Docket No. Crim. 13489.
June 24, 1971.
Preston R. Tucker, in pro. per., and Dorsey Redland, under appointment by the Supreme Court, for Petitioner.
Thomas C. Lynch, Attorney General, Doris H. Maier, Assistant Attorney General, Edsel W. Haws, Nelson P. Kempsky and David Cunningham, Deputy Attorneys General, for Respondent.
Petitioner challenges the revocation of his parole by the Adult Authorty. He was paroled from Folsom Prison in January 1968, having served a portion of sentences imposed in 1949 for the commission of three first degree robberies and an assault with intent to commit murder. On December 6, 1968, his parole was canceled and his term of sentence reset at the maximum, life imprisonment. At a parole revocation hearing on February 20, 1969, petitioner was advised of the conditions of his parole which his parole officers reported that he had violated, namely, having left the county of his residence without prior approval, and having possessed a firearm. Petitioner admitted the first violation but refused to admit or deny the second. The Adult Authority concluded that he had violated both conditions and revoked his parole on those grounds.
Various other contentions raised by petitioner were considered and rejected by this court in connection with a prior petition filed by petitioner and need not be reconsidered here.
(1a) In his petition for habeas corpus, petitioner alleged that the sole evidence before the Adult Authority of his possessing a firearm was his own uncorroborated confession exacted by police officers through duress, threats and promises, and without the warnings required under Miranda v. Arizona, 384 U.S. 436 [16 L.Ed.2d 694, 86 S.Ct. 1602, 10 A.L.R.3d 974]. Since the People disputed petitioner's claim that his statement was involuntary, we appointed a referee to receive evidence on that and other factual questions raised by the pleadings. (See In re Gomez, 64 Cal.2d 591 [ 51 Cal.Rptr. 97, 414 P.2d 33].)
After a hearing, the referee found that the Adult Authority had relied exclusively upon petitioner's statement that he had possessed a firearm while on parole. However, the referee also found that the statement was free and voluntary. (2) Although a referee's findings are not binding upon this court, they are entitled to great weight if supported by substantial evidence. ( In re Branch, 70 Cal.2d 200, 203, fn. 1 [ 74 Cal.Rptr. 238, 449 P.2d 174].) In the instant case, both police officers testified that petitioner's statement was made without duress, threats or promises of any kind. Accordingly, we adopt the finding of the referee that the statement was freely and voluntarily given by petitioner.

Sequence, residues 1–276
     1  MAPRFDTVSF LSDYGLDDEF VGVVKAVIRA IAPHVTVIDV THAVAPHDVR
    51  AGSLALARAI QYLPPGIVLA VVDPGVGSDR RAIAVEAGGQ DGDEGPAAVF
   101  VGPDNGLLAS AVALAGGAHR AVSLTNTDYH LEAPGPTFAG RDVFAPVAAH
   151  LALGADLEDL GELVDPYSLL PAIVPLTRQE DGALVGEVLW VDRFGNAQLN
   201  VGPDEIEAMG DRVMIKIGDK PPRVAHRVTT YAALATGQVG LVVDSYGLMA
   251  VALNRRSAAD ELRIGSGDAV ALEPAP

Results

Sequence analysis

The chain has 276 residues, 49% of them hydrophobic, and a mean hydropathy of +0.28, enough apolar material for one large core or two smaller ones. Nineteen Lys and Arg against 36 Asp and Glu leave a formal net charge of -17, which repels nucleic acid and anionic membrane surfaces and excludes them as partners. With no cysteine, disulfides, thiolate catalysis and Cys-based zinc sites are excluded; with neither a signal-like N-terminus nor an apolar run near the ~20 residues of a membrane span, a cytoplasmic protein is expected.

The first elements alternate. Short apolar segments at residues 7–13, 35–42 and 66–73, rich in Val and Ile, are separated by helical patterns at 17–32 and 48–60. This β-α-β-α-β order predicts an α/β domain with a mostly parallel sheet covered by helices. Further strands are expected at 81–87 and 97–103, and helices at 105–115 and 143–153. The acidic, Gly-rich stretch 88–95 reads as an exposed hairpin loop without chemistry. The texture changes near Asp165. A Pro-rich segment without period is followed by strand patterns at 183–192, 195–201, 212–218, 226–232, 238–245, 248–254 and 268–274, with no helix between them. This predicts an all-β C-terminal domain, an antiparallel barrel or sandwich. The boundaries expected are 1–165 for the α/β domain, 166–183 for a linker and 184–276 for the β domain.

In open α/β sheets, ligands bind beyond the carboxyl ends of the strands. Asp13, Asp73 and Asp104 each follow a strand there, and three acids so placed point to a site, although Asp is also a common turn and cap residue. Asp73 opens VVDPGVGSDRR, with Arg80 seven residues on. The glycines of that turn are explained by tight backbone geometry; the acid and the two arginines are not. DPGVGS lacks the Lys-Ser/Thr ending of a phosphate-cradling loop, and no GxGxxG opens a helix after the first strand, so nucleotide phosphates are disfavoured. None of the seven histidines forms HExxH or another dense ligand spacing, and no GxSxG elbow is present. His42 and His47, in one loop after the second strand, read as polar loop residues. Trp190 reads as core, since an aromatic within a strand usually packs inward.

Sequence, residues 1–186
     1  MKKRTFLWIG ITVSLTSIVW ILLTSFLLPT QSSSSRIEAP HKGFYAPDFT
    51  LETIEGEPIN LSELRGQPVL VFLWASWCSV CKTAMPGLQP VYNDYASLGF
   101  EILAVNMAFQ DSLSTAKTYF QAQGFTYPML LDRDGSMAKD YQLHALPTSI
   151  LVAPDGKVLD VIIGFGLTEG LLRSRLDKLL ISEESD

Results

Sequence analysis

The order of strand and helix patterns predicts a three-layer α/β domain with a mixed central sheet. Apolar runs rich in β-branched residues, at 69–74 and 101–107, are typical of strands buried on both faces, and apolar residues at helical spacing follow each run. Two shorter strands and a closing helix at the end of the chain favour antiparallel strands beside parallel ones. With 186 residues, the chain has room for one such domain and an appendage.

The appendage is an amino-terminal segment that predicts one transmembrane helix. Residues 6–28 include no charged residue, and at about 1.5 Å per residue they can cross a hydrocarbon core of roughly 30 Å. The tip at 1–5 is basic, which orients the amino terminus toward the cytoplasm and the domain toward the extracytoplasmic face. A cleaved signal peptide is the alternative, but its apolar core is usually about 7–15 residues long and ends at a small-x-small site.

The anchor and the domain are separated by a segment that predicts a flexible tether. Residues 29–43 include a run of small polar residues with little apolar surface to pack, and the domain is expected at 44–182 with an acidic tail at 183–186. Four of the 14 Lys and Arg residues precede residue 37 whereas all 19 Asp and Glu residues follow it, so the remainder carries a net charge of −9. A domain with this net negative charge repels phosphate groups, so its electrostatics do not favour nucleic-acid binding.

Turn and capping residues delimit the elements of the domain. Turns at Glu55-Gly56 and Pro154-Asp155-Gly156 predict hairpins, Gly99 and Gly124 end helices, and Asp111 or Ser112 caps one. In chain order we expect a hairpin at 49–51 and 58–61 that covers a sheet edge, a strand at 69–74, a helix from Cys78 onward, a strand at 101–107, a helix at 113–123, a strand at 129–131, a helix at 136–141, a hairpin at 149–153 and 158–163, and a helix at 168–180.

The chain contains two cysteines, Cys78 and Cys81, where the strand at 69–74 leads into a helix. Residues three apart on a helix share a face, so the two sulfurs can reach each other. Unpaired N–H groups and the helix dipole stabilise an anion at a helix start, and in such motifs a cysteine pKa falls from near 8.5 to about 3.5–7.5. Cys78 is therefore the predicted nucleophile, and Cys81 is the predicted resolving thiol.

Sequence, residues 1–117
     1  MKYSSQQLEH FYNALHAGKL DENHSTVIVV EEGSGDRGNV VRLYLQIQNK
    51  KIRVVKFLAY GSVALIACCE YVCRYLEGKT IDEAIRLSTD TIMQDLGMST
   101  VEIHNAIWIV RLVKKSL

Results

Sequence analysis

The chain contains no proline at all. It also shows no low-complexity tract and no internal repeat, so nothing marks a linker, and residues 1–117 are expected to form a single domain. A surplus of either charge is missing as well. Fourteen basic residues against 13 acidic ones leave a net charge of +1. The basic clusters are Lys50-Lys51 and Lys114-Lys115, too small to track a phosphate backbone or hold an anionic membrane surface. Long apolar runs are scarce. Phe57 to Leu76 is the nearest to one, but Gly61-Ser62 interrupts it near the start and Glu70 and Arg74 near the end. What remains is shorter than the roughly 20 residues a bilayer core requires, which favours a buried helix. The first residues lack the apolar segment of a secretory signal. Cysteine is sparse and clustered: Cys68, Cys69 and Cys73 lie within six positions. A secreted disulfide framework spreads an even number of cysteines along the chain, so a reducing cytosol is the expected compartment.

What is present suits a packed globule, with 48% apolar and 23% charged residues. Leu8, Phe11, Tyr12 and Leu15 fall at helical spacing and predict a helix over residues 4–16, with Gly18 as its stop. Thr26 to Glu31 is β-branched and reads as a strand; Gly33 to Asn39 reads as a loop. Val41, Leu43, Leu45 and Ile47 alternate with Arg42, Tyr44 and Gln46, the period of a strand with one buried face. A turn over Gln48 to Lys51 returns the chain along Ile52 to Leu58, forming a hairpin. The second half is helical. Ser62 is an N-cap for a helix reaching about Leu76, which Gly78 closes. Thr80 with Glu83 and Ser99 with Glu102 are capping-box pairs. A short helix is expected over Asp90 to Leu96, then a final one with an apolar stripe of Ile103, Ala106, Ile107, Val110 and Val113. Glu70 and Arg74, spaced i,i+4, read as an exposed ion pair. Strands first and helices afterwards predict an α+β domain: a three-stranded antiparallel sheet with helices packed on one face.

Petitioner's statement was elicited in the course of police investigation of an Oakland murder. The interrogating officers initially explained to petitioner that he was not a suspect, and that the police were simply attempting to trace the chain of possession, of the weapon. After petitioner had executed the statement admitting possession, one of the officers agreed to recommend to the parole authorities that petitioner's parole not be revoked. The officers denied that petitioner's statement was made in reliance upon this agreement.
(1b) The referee also found that the officers had failed to give petitioner any of the warnings required under Miranda, supra, since they did not consider petitioner to be a suspect in the case. (3) We need not reach the question whether or not petitioner was entitled to these warnings, for it is now settled that the Adult Authority properly may consider and act upon a voluntary confession or statement obtained from a parolee without first apprising him of his constitutional rights. ( In re Martinez, 1 Cal.3d 641, 650 [ 83 Cal.Rptr. 382, 463 P.2d 734].)
(1c) We have concluded that the Adult Authority properly considered petitioner's statement in deciding whether to revoke his parole, and that the statement constituted sufficient cause (Pen. Code, § 3063) to justify parole revocation.
(4a) Petitioner further contends that he was denied due process of law in that the Adult Authority on February 20, 1969, "forced petitioner to appear before them without informing petitioner of his rights and without benefit of counsel. . . ." Petitioner misconceives the nature and purpose of parole revocation hearings before the Adult Authority.
It is true that the parole revocation procedure adopted by the Adult Authority bears certain features common to an ordinary criminal trial or other adversary proceeding. Through these procedures, parolees are informed of the nature of the parole violations and are given an opportunity to deny, admit or explain them. (5) Since the existence of good cause to revoke a parole may be challenged on habeas corpus, such procedures "not only discourage needless judicial review but will impart a sense of fairness in the state's dealings with its parolees." ( In re Gomez, supra, 64 Cal.2d 591, 594, fn. 1.)